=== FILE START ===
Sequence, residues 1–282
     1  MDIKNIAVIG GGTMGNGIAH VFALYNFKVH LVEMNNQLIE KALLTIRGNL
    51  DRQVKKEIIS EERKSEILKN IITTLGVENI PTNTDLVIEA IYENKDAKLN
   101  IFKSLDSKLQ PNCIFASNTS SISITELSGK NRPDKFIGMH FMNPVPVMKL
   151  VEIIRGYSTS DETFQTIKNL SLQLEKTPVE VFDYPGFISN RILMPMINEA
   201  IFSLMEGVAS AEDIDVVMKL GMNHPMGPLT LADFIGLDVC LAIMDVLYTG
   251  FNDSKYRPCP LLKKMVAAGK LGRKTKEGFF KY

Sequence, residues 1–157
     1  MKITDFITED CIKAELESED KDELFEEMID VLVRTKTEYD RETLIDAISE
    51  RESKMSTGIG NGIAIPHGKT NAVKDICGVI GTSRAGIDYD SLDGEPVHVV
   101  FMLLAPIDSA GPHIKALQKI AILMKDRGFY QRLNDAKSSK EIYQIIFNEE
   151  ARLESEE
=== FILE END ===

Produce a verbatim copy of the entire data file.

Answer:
Sequence, residues 1–282
     1  MDIKNIAVIG GGTMGNGIAH VFALYNFKVH LVEMNNQLIE KALLTIRGNL
    51  DRQVKKEIIS EERKSEILKN IITTLGVENI PTNTDLVIEA IYENKDAKLN
   101  IFKSLDSKLQ PNCIFASNTS SISITELSGK NRPDKFIGMH FMNPVPVMKL
   151  VEIIRGYSTS DETFQTIKNL SLQLEKTPVE VFDYPGFISN RILMPMINEA
   201  IFSLMEGVAS AEDIDVVMKL GMNHPMGPLT LADFIGLDVC LAIMDVLYTG
   251  FNDSKYRPCP LLKKMVAAGK LGRKTKEGFF KY

Sequence, residues 1–157
     1  MKITDFITED CIKAELESED KDELFEEMID VLVRTKTEYD RETLIDAISE
    51  RESKMSTGIG NGIAIPHGKT NAVKDICGVI GTSRAGIDYD SLDGEPVHVV
   101  FMLLAPIDSA GPHIKALQKI AILMKDRGFY QRLNDAKSSK EIYQIIFNEE
   151  ARLESEE